Contractors Federal agencies Voluntary Protection Programs

VPP and contract workers: Inspector General audit of program calls for improvements

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Washington – OSHA has stated that it will change some of the processes in its Voluntary Protection Programs, after a Department of Labor Office of Inspector General audit uncovered several weaknesses in recording and reporting systems involving contract workers.

A February 2014 hotline complaint to DOL OIG alleged that “a contract-worker fatality occurred at a VPP worksite and regional program officials did not take appropriate follow-up actions in response,” according to an OIG report, released Sept. 11.

In response to the complaint, OIG conducted a performance audit of VPP, following up on 23 contract-worker catastrophes or fatalities reported by VPP participants between July 1, 2013, and Sept. 30, 2016, and added 75 randomly selected VPP participants (with 212 contract workers) in Region III to investigate for system failures. OIG concluded that the 2014 complaint had no merit, but both the follow-up and audit revealed several failures:

  • OSHA does not require, by regulation, complete information on contract workers.
  • Systems for recording information are inefficient.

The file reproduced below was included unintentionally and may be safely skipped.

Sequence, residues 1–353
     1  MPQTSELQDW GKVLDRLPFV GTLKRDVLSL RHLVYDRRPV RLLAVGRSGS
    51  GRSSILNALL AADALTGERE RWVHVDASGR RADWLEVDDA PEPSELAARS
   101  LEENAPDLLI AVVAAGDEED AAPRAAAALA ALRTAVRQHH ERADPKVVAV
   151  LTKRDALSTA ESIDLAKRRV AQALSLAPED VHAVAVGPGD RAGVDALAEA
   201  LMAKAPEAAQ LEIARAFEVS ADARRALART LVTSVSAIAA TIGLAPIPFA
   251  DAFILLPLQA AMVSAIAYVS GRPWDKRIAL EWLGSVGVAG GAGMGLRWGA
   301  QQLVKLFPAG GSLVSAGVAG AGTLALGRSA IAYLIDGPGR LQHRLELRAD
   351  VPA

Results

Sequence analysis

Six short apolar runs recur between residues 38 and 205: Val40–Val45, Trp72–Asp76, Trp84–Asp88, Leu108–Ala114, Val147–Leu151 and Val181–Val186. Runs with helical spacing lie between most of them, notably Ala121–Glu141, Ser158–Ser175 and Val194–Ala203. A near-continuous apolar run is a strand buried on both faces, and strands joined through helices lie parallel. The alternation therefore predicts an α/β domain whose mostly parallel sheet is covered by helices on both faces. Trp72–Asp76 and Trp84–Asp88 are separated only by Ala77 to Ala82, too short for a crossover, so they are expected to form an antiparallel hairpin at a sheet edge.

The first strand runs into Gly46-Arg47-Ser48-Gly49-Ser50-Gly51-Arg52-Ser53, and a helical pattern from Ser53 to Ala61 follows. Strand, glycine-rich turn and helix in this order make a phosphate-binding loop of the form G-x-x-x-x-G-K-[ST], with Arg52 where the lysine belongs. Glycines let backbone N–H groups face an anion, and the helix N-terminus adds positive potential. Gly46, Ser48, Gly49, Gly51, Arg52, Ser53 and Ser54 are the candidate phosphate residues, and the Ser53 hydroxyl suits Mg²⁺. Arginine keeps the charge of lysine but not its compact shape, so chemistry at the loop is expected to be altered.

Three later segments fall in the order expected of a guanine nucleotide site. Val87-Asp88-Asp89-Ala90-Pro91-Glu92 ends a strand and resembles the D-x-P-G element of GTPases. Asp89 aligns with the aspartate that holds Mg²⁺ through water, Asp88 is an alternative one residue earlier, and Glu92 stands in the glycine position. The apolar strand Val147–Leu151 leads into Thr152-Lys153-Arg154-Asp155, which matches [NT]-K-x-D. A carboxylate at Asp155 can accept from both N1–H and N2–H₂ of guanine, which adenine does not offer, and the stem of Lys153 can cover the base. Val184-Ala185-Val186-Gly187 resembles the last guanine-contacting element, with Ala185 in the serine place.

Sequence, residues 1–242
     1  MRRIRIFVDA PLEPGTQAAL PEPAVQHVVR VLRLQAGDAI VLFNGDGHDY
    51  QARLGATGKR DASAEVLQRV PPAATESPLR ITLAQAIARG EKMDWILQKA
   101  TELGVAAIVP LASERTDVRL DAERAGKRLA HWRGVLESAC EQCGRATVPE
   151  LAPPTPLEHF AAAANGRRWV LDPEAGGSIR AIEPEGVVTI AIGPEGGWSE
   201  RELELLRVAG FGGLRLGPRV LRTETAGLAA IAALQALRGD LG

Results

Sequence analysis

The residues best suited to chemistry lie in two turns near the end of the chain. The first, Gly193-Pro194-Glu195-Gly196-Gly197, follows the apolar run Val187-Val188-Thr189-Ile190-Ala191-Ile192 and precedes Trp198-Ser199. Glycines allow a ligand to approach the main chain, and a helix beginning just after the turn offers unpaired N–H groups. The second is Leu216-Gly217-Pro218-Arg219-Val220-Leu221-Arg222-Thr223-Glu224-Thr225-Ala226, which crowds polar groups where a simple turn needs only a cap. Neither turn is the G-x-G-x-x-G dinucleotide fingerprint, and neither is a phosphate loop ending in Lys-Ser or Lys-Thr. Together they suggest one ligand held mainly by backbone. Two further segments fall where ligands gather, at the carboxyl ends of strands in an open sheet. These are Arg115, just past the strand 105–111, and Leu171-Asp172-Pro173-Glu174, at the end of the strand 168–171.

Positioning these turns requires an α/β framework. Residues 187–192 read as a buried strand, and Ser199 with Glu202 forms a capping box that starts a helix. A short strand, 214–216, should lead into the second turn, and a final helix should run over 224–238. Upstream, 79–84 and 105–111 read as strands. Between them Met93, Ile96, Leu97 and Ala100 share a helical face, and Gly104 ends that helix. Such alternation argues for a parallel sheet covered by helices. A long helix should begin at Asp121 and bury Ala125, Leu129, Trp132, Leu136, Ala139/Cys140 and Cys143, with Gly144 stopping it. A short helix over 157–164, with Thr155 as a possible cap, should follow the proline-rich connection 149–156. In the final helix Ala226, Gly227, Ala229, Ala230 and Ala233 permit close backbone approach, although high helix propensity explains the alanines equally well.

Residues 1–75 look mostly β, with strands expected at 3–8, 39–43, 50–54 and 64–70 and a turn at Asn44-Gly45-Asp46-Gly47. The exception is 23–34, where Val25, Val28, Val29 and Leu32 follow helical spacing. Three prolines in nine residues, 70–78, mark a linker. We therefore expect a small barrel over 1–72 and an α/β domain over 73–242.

• Each of the first two issues led to OSHA being 1) unsure if all incidents were reported, and 2) unable to properly evaluate VPP participants and determine whether they should remain in the program.

OIG recommends the establishment of a system to collect and disseminate VPP contractor information, controls to ensure the information is complete, and an expansion of the collection of contractor information to all VPP participants.

In an Aug. 31 response to the OIG report, Loren Sweatt, deputy assistant secretary for OSHA, said that OSHA “recognizes that the current procedures can be strengthened and is committed to implementing enhanced processes and technology improvements to better enable the agency to identify and track enforcement activities, including contract-worker fatalities, at VPP sites.” Sweatt added that the improvements will lead to “a more systematic and comprehensive approach to determining whether a participant should be allowed to remain in VPP following enforcement activity.”

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